COVID-19: Stay Healthy, Stay Informed.
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August 07, 2020

Pregnancy and childbirth in times of pandemic

Pregnancy is an adventure rich in emotions. It is legitimate to feel concerned about your health and that of your baby, especially in these times of COVID-19. Learn what you can do to stay healthy during your pregnancy and when you come home with your baby.

An ounce of prevention is worth a pound of cure

According to Canadian health officials, pregnant women do not appear to be more at risk of complications from COVID-19 than other people. However, because there is much we still do not know about this disease, you should follow all recommended measures to reduce your risk of contracting the virus.

Limit your contact with people outside your household. Take advantage of social media and videoconferencing applications to stay in touch with extended family and friends. If you can work from home, do so.

When you go out in public, follow all sanitary precautions to reduce the risk of contracting the virus: wear a mask, keep your distance and wash your hands often. These measures have the added benefit of reducing your risk of contracting other viral illnesses such as colds, the flu, or the stomach flu.

Keep all your medical appointments

Medical appointments are important to make sure your pregnancy progresses normally. Hospitals and birth centres have procedures in place to reduce the risk of transmitting the virus. You may not need to go to your health care professional’s office for all visits, however. Ask if some appointments can be done over the phone or via videoconference.

When the time comes to deliver your baby, hospitals and birth centres have strict protocols to protect you and your baby during your stay. Inquire about these ahead of time to prepare your birth plan accordingly.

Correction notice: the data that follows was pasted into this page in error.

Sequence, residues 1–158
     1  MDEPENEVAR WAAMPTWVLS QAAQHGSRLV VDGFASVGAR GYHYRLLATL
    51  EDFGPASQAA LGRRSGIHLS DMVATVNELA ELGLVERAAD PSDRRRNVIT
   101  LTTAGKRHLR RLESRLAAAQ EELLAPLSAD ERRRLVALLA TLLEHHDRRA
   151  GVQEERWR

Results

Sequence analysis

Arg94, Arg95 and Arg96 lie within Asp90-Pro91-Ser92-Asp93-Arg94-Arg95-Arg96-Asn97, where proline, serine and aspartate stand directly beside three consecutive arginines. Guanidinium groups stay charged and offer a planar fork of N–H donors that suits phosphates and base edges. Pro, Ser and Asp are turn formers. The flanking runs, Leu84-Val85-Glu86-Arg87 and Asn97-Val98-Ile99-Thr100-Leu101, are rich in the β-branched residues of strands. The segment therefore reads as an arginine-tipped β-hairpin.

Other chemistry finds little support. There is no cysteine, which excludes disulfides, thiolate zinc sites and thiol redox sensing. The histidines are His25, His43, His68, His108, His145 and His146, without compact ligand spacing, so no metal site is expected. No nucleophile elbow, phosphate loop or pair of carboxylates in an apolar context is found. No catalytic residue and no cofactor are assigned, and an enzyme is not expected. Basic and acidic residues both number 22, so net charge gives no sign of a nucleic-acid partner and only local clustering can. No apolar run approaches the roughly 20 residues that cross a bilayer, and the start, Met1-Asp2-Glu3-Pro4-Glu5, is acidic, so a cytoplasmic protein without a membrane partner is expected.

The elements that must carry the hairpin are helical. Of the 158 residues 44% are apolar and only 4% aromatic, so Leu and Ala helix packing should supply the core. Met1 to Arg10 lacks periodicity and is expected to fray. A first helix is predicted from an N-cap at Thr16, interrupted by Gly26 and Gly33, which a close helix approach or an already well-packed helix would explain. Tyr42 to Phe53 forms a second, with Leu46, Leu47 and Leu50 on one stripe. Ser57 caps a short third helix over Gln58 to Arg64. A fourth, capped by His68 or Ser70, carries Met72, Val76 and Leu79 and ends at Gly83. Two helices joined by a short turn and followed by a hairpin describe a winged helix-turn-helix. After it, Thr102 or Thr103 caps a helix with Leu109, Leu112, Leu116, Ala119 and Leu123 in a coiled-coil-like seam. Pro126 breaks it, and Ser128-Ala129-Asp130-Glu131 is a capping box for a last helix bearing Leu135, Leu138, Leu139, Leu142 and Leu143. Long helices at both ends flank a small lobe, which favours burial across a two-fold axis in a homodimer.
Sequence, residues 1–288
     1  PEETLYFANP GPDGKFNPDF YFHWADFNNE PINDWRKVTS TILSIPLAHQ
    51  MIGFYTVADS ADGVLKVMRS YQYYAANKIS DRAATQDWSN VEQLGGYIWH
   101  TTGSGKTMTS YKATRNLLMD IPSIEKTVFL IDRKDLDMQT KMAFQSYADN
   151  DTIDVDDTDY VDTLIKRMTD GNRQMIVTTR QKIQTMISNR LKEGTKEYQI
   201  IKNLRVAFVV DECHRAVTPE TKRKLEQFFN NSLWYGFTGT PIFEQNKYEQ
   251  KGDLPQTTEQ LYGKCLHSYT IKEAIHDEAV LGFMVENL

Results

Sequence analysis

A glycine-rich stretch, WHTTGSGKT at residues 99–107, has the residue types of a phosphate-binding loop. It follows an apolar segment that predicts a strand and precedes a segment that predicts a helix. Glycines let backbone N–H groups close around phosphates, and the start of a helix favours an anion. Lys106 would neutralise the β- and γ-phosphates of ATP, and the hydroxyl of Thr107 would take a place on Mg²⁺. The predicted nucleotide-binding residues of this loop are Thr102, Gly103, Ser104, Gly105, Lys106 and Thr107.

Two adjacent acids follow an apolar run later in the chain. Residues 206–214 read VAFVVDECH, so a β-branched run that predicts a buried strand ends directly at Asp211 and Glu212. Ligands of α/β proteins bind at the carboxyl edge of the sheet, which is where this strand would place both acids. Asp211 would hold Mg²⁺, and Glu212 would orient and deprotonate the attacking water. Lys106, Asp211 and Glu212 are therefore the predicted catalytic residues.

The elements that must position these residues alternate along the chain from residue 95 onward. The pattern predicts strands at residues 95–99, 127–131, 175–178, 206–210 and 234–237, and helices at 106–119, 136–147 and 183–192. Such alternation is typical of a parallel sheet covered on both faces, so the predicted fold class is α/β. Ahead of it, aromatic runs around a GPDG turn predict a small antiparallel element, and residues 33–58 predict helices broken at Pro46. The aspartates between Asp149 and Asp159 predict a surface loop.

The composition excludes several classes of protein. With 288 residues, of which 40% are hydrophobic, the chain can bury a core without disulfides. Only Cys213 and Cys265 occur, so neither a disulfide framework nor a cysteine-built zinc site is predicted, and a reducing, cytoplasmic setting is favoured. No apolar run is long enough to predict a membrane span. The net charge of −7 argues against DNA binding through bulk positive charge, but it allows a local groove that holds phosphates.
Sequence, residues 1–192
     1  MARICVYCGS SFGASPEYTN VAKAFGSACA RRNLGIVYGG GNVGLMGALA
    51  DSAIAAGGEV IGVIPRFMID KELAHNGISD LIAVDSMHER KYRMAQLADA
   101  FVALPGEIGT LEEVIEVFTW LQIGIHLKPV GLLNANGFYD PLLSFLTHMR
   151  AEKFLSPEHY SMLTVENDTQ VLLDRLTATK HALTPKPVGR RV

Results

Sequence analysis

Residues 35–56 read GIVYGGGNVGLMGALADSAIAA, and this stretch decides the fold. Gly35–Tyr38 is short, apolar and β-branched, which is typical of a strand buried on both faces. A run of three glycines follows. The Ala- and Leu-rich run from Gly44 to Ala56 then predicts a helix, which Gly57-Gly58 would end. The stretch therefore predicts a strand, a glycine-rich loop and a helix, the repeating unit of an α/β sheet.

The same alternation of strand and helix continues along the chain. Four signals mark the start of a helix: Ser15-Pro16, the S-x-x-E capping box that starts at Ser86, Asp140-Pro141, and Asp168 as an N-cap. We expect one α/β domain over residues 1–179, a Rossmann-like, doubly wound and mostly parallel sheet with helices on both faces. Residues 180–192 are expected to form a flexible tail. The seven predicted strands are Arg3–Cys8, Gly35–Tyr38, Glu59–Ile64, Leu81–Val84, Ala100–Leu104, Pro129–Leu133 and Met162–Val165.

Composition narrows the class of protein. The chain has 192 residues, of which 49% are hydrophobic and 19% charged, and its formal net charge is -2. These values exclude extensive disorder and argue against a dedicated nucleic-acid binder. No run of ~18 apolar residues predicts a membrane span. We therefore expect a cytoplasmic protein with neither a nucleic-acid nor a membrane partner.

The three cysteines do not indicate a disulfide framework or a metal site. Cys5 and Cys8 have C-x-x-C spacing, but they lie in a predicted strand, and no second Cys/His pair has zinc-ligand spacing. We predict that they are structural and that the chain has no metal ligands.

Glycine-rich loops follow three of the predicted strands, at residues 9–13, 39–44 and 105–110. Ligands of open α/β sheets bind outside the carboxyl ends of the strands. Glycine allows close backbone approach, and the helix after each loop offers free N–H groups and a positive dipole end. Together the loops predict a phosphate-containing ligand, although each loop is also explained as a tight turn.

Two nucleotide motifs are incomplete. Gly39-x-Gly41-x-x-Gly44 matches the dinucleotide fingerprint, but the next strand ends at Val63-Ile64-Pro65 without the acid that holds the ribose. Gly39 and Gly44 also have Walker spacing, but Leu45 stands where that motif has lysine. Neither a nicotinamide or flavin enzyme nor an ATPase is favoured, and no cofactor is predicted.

Going home with baby

After birth, stay home with your baby, except for medical appointments. As during your pregnancy, some appointments will require you to meet with your physician (for your baby’s shots, for example), but others may be done over the phone.

Even though friends and family members will want to meet your baby, avoid visitors to your home as much as possible. Instead, use social media and videoconference apps to introduce your baby.

When possible, breastfeeding is recommended because it protects your baby against many infections and illnesses. The virus that causes COVID-19 does not appear to be transmitted during nursing. Women who have COVID-19 can nurse their baby.

Here are some tips to help you adjust to life with your new baby:

  • Parenting is always challenging, but it can be even more so when your support system cannot be as close as it would have typically been. Call or text your family, friends or community supports if you feel overwhelmed. They can help even from a distance.
  • Take advantage of no-contact delivery services or ask family members or friends to help with errands and meal preparation.
  • Make sure that anyone who comes into your house follows strict hygiene measures (washing hands, physical distancing). As an extra precaution, you can ask them to wear a mask.
  • You don’t have to wear a mask when you hold your baby in your arms, unless you have COVID-19 or have been in contact with the virus.
  • Never put a mask or cloth face coverings on babies or toddlers as this could be a choking hazard.
  • If you plan on buying used baby equipment, make sure to disinfect all surfaces with recommended products. You can find a list here. If you need to rent equipment (for example, a breast pump), make sure there is a disinfecting protocol in place.

Your pharmacist can help at all stages

Your pharmacist is a trusted health care professional that can help you during and after your pregnancy. They can recommend treatments to alleviate minor pregnancy-related ailments, help you with breastfeeding, and offer no-contact home delivery of medications or baby essentials. They can also coordinate the renewal dates of medications so that you can pick them all up (or have them delivered) all at once, for every member of your household. COVID-19 or not, having a new baby can be very challenging both physically and emotionally. Don’t hesitate to ask for help!

Services in pharmacy are the sole responsibility of pharmacist-owners. Only pharmacists are responsible for pharmacy practice. They only provide related services acting under a pharmacist-owner's name.

The uniprix.com Website deals with health-related topics. The information presented has been validated by experts and is accurate at the time of posting. In no way does it replace the opinion of a health care professional. Uniprix Inc. and its affiliated pharmacists accept no liability whatsoever in connection with the information provided on this Website.